New technologies as varied as 3D printing, drones, self-driving cars, and networked clothing are going to solve many of our most entrenched problems. From hunger and disease to drought and famine, the digital revolution has the potential to fundamentally change the world.
Home to the second largest economy in the EU and the fifth largest economy in the world, France is increasingly a bright light for the tech industry in Europe. But more can be done to propel France as a long-term world innovation leader.
It is striking to note that if even as little as one-third of the recent slowdown persists, then, by 2023, national health expenditures would be $1,200 per person lower than if cost growth returned to the prior trend.
Like our Founding Fathers, we must press on with the ingenuity, creativity and entrepreneurial spirit that are vital to America's success. More, our leaders must recognize that innovation is critical to our country's global leadership and economic growth.
We all share the responsibility of protecting our planet. Leveraging the power of innovation, the consumer electronics industry is voluntarily leading the way to improve sustainability and increase the energy efficiency of the devices we all rely on.
Detroit's bankruptcy blueprint is a sobering reminder that the city still faces some challenging times. But Detroit Week offers a refreshing glimpse into the innovation that's already turning things around for the Motor City.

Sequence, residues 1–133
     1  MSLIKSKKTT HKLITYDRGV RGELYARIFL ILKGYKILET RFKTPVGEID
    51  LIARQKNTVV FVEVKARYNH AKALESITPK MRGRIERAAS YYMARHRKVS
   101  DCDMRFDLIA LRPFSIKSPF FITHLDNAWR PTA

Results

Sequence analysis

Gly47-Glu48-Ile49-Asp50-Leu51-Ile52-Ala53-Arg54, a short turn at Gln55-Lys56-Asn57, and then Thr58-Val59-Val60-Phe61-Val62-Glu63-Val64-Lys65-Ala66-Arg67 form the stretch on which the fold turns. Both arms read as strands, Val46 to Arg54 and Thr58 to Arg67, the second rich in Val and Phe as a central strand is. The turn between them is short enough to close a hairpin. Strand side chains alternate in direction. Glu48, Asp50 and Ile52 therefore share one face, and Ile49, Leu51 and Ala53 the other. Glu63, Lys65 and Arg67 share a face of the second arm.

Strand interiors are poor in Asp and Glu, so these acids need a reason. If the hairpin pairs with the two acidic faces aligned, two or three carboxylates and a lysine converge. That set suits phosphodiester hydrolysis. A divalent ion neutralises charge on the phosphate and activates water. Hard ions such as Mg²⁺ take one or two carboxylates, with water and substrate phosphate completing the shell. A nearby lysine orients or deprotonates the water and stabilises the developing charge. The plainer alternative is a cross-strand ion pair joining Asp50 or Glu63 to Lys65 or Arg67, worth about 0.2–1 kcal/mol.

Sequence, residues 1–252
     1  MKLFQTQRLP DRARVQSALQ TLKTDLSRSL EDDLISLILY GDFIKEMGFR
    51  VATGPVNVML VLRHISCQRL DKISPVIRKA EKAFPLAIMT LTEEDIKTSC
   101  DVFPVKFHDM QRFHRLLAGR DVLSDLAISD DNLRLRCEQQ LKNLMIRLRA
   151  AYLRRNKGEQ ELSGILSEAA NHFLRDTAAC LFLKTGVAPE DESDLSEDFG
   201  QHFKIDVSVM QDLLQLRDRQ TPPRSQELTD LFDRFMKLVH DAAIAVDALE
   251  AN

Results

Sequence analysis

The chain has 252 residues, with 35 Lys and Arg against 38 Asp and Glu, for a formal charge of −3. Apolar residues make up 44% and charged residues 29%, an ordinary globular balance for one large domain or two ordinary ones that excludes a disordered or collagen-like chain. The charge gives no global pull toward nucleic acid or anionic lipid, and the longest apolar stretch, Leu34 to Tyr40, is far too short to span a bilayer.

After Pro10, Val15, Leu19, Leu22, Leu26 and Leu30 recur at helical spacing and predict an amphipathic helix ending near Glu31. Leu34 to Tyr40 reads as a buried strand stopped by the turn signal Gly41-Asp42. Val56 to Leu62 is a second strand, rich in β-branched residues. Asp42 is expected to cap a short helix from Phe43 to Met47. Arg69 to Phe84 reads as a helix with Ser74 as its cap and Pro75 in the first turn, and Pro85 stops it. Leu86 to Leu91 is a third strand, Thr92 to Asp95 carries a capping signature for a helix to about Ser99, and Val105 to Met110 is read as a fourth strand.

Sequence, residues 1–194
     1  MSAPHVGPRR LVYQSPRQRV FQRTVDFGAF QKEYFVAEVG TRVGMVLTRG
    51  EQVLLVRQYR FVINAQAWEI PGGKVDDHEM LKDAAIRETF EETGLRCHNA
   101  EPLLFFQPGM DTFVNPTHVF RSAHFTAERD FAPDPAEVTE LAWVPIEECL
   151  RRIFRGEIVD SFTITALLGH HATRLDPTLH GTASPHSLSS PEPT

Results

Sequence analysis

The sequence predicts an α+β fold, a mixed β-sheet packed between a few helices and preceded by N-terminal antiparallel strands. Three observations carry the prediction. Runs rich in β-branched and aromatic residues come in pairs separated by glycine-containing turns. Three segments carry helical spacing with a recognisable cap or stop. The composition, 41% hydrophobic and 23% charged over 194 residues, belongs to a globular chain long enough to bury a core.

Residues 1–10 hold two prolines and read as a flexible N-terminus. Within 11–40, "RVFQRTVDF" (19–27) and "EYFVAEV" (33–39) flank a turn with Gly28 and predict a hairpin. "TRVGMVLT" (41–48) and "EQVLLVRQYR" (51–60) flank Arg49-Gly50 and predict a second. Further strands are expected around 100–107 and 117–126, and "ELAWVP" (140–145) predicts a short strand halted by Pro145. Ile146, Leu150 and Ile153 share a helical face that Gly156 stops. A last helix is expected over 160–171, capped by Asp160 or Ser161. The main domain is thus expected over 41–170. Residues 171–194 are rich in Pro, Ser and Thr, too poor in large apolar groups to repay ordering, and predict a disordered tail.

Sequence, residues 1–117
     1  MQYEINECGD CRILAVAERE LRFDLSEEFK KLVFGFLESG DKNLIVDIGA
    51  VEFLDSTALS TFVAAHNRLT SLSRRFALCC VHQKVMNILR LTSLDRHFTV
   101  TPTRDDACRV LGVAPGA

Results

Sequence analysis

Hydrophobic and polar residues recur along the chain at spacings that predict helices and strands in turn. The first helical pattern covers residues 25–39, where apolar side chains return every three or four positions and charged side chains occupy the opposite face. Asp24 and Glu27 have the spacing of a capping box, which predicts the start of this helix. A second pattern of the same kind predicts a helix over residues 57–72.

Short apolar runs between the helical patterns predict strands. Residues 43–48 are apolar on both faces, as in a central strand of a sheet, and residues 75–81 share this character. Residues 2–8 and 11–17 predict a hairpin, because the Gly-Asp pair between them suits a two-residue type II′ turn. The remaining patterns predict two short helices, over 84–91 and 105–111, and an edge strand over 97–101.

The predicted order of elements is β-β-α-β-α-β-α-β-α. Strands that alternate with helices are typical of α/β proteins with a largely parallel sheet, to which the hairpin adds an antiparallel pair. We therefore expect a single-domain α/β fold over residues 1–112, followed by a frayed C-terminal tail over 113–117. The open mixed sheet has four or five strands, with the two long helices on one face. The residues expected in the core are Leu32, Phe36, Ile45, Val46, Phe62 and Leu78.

Some Americans will vote for either Romney or Obama based on their views on abortion or gay marriage. Other voters may choose a candidate based on the health of the economy. This November, I will vote based on the latter. Which is why I am voting for Gov. Romney.
Americans hunger for leaders who will attack our major problems head-on with candor and urgency. We can reverse course and address our big issues if we demand that our candidates speak honestly and answer the tough questions.
Two bills moving through Congress seek to protect copyright owners from the threat of digital piracy. But rather than take on actual criminals, this proposed legislation greatly expands the reach of the government.
The New York Times front page featured a menacing headline, "A Businessman in Congress Helps His District and Himself." However, key facts in the story are inaccurate and the headline crumbles without these facts.